VIRGIL ABLOH ALMOST MADE A BRIDAL BLUNDER

A week on from Justin and Hailey Bieber’s wedding celebrations, which took place at Montage Palmetto Bluff, South Carolina, Mrs Bieber decided to share photographs of her gown—an Off-White creation designed by Virgil Abloh. The bride opted for a figure-hugging, backless fishtail number, bedecked by an off-the-shoulder neckline, long sleeves and pearled adornments. Black and white wedding photographs shared by the bride on Instagram offer a closer gaze at the fine details of the gown, including floral lace sleeves decorated with pearls and the deep scoop at the back. But the seizing detail was a cathedral-length veil, hem-embroidered with the words “till death do us part”, which caught the attention of grammar nerds the world over, who took to social media to debate the usage of the word “till”. But Vogue‘s Steff Yota, and Merriam Webster’s senior editor Emily Brewster set the record straight. In fact till is its own word, and came before ’til. As such, Abloh redeemed himself.

FARFETCH GOT THRIFTY

Perhaps the most uplifting fashion news of last week came as luxury e-platform Farfetch announced its partnership with on-demand donation service Thrift+, setting up a bid that urges unquenchable shoppers to donate their pre-loved items and support circular fashion.

Customers will be able to give, while gaining something for themselves, too. Thrift+ is an online donation service that seeks to bring the charity shop experience online. The partnership will allow customers to donate pre-loved items easily—and let Thrift+ do the work in selling them. The money raised is then split into three—with a third going to the customer’s chosen charity and a third coming back to the customer as Farfetch credit (the final third aids with service’s running costs.)

The collaboration symbolises a “circular fashion methodology”, strictly sustainable (potential apparel re-usage and eco-friendly practices implicated). Initiatives of such kind will aid in a downfall of global waste, as apparel’s one of the leading industries that capitalises in garment-making for millions of consumers.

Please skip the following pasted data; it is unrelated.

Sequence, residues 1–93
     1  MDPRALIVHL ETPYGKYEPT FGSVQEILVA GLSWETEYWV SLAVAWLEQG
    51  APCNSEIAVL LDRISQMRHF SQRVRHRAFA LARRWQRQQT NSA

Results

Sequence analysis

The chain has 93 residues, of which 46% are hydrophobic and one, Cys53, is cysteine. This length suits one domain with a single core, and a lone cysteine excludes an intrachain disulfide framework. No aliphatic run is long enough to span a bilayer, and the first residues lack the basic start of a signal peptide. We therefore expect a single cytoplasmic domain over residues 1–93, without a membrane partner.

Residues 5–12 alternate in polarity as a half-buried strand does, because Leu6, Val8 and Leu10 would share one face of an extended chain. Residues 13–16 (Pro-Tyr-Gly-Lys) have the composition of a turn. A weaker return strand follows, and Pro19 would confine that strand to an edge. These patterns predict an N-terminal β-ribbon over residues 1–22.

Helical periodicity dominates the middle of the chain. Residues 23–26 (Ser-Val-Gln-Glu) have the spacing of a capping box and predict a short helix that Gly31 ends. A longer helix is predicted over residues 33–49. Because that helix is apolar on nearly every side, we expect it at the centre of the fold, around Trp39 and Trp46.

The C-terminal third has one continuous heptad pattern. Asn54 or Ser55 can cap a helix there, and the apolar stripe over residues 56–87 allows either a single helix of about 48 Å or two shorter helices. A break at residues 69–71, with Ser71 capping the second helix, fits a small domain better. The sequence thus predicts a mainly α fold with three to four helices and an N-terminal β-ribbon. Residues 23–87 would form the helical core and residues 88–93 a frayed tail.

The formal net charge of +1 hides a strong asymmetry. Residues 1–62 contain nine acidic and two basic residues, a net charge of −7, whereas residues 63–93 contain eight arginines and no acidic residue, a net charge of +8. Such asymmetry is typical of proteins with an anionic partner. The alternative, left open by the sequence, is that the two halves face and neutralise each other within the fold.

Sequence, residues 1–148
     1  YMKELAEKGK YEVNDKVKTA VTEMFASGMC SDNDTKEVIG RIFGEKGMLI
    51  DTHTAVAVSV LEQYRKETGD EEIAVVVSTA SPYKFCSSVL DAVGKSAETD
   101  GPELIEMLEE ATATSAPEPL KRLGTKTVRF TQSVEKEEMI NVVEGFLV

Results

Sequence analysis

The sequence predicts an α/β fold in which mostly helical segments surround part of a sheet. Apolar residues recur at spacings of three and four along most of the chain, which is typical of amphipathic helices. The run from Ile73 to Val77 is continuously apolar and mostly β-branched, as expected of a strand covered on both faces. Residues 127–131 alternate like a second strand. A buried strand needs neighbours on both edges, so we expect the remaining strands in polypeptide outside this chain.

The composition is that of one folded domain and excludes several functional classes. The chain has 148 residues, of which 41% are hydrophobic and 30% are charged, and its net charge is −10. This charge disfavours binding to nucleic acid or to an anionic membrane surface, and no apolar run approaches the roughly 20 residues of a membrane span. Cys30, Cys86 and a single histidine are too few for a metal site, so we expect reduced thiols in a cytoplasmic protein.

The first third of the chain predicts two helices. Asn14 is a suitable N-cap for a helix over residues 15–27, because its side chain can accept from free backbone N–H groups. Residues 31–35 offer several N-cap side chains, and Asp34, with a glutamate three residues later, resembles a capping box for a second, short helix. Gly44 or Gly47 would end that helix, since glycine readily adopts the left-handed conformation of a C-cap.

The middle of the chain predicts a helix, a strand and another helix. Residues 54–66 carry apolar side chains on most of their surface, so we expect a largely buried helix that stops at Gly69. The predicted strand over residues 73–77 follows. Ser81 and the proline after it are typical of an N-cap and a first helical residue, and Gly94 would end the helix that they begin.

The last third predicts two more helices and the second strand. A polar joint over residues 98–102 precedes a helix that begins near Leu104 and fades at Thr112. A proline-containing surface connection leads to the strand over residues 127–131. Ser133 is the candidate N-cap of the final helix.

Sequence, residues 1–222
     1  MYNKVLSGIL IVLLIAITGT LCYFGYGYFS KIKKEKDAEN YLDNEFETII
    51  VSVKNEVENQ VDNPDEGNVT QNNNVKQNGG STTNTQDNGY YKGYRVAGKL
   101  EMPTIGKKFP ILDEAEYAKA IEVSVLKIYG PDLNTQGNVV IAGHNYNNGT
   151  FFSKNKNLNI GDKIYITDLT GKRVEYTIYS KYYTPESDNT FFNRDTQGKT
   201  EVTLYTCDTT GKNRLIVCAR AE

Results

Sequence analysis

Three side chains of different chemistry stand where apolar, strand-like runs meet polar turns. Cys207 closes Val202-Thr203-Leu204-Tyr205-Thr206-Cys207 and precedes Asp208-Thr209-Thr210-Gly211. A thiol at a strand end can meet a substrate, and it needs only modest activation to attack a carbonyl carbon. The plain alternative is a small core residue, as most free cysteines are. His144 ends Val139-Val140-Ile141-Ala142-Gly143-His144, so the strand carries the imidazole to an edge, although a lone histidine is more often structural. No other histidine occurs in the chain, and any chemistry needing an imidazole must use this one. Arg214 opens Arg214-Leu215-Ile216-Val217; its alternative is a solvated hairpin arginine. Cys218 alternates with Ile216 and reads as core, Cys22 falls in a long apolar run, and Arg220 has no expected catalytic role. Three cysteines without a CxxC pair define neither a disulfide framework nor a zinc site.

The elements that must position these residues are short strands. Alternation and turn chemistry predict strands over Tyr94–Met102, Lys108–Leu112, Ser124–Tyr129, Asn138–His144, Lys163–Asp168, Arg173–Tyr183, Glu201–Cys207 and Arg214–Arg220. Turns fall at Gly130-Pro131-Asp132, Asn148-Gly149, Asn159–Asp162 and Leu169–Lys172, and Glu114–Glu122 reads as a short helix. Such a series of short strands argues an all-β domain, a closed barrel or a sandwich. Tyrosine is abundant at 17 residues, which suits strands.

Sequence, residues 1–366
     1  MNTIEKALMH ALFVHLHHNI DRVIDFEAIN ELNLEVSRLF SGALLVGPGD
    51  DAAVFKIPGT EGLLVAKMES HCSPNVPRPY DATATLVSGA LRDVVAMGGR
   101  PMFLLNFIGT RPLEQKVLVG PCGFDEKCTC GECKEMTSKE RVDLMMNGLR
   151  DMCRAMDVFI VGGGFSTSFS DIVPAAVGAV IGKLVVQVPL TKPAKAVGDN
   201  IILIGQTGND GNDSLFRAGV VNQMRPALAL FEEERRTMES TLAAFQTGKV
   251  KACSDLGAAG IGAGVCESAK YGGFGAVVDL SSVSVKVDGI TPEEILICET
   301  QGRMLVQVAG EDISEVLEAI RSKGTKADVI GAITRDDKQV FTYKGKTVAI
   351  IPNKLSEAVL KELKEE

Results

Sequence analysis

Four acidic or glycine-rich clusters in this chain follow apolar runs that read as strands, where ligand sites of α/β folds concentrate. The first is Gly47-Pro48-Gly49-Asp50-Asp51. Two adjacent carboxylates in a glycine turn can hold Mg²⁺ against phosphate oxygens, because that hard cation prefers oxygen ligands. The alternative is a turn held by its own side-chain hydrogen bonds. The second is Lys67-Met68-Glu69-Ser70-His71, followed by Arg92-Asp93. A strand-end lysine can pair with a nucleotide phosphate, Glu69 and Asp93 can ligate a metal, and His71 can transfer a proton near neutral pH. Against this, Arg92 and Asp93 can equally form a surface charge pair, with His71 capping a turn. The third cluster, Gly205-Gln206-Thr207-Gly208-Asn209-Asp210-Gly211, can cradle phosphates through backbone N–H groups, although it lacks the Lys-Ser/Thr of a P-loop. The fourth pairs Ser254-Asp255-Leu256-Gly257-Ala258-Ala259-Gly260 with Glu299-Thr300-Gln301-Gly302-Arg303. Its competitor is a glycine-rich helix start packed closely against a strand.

RIRI PUT THE ‘LIT’ IN LITERATURE

This week, Vogue revealed Rihanna as their cover star, and though her interviewer prepared no questions to ask the good girl gone bad (yep, you read that right), it was revealed that while she’s too busy to make an album, but she’s found time to make a book. The unapologetic tycoon used an Instagram video montage on Monday to disclose the forthcoming release of Rihanna, a visual autobiography she revealed has been over five years in the making.

Published by Phaidon, Rihanna’s memoir includes exclusive imagery, sharing her trajectory from Barbados to world-known trailblazer. Furthermore, it’ll include various iconic momentums as well as intimate kinds. Described by Rihanna as “my first piece of art in a new industry”, the megastar’s work will be available for purchase in three limited editions: Rihanna: Fenty x Phaidon Edition, Rihanna: Luxury Supreme, and Rihanna, Ultra Luxury Supreme. 

Rihanna is available to pre-order now and will ship October 24th